Holly Springs police department's beloved Sergeant Leach to retire
Nov 30, 2018 10:11AM
By Chris Hendricks
Sergeant Rick Leach, one of the town's best-known officers, retires Nov. 30. He is the town's first police officer to retire after serving his entire 25-year career with the Holly Springs Police Department.
Leach, who is the supervisor of the nine-member School Resource Officer Program, has served at every public school in Holly Springs over the years. His friendly and outgoing personality has made him popular with students, faculty, and parents.
"He's the most well-known officer we have bar none, and the reason is that he interacts with so many people in all the schools we have," Police Chief John Herring said. "People are accustomed to seeing his smiling face, and he's impacted a lot of people. There's no telling how many thousands of kids have been engaged by him."
Serving as a school resource officer has been the favorite part of Leach’s career in law enforcement.
"That has been the most fulfilling part of my career – being able to make a difference in children's lives – also, those children making a difference in my life," he said. "With that came a lot of relationships, a lot of friendships, and a lot of bonding."
Leach’s career with Holly Springs began in 1993 when he was the third full-time officer hired by the police department formed the previous year. Before then, policing in Holly Springs was covered sporadically by town-hired officers and county sheriffs. Even in the early 1990s, the town did not provide 24-hour police coverage; after full-time officers ended their shifts, county sheriffs answered calls.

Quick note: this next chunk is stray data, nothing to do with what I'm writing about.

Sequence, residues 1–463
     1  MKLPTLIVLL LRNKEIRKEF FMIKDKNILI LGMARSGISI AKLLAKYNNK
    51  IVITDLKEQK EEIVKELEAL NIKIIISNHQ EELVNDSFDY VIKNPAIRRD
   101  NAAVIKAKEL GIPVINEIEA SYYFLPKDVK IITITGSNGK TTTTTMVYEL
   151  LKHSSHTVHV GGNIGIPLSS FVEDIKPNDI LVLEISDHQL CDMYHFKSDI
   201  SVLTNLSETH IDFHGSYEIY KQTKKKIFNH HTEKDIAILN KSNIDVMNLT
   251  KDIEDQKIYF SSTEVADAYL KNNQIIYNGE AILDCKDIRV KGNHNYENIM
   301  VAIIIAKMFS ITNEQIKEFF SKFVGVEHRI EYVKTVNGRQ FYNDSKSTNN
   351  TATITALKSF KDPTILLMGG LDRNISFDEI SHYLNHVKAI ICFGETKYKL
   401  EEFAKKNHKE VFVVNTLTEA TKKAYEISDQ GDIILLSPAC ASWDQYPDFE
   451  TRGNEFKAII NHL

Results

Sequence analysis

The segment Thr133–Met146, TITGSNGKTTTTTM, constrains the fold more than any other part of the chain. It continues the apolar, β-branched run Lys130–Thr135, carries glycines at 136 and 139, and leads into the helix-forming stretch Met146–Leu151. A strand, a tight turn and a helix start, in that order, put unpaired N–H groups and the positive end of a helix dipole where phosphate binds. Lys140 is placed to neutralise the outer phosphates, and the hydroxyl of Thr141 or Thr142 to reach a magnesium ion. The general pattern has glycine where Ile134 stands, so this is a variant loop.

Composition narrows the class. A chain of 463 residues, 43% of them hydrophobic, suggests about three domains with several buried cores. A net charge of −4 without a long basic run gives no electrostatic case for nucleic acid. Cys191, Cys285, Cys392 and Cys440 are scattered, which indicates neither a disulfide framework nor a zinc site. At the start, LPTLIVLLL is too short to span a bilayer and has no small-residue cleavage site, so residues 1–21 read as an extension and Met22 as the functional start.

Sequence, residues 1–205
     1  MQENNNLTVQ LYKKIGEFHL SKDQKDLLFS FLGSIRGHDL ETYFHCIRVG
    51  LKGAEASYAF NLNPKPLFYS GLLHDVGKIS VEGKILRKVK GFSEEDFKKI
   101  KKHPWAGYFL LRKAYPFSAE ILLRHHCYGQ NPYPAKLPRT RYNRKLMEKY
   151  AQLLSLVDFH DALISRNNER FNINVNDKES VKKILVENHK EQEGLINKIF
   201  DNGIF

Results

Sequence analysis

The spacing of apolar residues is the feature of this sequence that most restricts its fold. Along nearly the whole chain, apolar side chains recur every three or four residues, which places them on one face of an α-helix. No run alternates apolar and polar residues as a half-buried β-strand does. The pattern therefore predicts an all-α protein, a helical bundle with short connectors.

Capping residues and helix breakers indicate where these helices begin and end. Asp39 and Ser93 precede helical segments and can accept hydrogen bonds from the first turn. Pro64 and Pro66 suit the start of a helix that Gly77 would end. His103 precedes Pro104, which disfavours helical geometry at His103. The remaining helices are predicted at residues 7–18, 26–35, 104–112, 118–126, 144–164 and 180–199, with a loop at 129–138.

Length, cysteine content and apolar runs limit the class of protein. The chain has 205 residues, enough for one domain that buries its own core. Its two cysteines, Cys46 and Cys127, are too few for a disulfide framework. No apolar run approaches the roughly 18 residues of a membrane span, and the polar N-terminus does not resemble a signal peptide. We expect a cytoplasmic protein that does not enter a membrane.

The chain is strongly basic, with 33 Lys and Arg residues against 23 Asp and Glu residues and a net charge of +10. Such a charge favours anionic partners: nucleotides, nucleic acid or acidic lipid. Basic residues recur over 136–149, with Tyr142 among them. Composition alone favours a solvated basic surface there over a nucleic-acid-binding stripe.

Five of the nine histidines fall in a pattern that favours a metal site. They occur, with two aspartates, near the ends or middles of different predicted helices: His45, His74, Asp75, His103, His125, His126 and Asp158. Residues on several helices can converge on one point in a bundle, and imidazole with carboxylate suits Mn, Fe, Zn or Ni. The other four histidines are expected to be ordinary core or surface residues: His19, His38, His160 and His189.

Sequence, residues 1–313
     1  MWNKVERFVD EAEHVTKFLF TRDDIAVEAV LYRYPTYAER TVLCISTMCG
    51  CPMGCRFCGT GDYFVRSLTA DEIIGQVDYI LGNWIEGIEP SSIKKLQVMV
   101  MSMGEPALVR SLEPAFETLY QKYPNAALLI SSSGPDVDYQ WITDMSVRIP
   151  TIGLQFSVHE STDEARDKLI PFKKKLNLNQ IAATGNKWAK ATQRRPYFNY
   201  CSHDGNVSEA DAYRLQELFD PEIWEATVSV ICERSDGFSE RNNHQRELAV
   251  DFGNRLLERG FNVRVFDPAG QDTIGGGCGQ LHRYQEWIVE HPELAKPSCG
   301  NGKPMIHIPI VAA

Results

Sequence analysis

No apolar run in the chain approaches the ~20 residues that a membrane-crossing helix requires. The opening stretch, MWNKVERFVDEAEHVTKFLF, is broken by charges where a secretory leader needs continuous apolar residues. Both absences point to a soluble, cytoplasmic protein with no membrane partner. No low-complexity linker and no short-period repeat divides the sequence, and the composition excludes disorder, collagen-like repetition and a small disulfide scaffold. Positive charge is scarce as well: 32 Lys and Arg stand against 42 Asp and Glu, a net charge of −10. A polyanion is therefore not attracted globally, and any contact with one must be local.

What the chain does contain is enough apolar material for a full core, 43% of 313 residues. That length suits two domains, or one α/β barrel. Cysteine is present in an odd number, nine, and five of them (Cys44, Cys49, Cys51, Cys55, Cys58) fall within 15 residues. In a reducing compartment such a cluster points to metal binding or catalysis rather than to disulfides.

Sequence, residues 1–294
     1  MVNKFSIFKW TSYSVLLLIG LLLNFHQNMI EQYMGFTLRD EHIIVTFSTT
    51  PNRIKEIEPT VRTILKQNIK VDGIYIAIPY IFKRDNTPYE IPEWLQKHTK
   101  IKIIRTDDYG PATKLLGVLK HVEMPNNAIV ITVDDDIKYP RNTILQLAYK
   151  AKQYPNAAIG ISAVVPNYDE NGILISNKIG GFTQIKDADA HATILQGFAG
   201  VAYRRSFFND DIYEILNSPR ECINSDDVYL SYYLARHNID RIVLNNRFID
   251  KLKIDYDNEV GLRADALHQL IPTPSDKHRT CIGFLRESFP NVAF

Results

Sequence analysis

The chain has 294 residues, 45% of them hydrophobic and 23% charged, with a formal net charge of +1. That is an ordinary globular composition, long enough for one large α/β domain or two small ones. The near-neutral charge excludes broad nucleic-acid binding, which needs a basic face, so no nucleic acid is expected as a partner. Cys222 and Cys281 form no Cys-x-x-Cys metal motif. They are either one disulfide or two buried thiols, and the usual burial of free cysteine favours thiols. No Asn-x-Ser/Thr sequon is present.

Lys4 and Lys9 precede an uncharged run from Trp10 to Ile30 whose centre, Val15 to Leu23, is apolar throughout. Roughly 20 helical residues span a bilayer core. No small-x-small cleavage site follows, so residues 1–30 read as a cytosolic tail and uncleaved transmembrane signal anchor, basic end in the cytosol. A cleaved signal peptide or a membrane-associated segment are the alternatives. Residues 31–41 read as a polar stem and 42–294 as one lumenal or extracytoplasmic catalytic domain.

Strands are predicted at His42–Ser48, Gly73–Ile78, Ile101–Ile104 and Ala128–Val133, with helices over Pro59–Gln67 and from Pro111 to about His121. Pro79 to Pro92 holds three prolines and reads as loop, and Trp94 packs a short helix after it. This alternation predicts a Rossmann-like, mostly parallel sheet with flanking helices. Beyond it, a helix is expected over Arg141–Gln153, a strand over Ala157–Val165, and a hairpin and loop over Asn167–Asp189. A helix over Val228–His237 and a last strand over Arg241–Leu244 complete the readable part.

"Unlike a lot of cities, our police department history doesn't go back to the 1800s," Herring said. "We're making that history every day, and Rick Leach's retirement, as well as his career, will be part of that rich history one day."
Leach decided to go into policing after being encouraged by Apex Police Captain Jacques Gilbert, who has since retired.
After completing Basic Law Enforcement Training, Leach served as a patrol officer. At that time, the town's population was in the low thousands. Police, fire, and emergency medical services were combined in a single department. Leach cross-trained as a firefighter and first responder.
In 2003, he was assigned to the School Resource Officer (SRO) program. Leach was promoted to sergeant in 2007 and given the responsibility of overseeing the day-to-day activities of the SRO program.
In May 2016, he was awarded an Advanced Law Enforcement Certificate from the N.C. Department of Justice. It is the highest state certification for police officers and is based on years of service, education and job-related training.
Holly Springs' nine-officer SRO program forms the largest squad in the Police Department with an officer dedicated to each school. Although he assists wherever needed, Leach spends much of his time at Holly Springs High School. He often is sought out by young adults who come back to visit their schools after having graduated.
In addition to his work in Holly Springs schools, Leach has assisted with the Police Department's community outreach efforts.
"It's just a natural thing for him," Herring said.
Over 25 years, Leach has seen Holly Springs evolve from a one-stoplight town with no grocery store to "a very popular town that I love."
In retirement, he wants to spend more time with his family, which includes 11 siblings, three children, and four grandchildren. Leach also plans to continue his pressure washing business and security work at WakeMed.
After a fulfilling career, leaving the Police Department is difficult for Leach because of the relationships he has built.
"It can choke you up because now I have two families that I care a great deal for, my law enforcement family and my biological family," he said. "At the end of the day, I will be walking away from one part of that family, and that is tough. ... I’ve enjoyed every year, every day of my career with the Town of Holly Springs."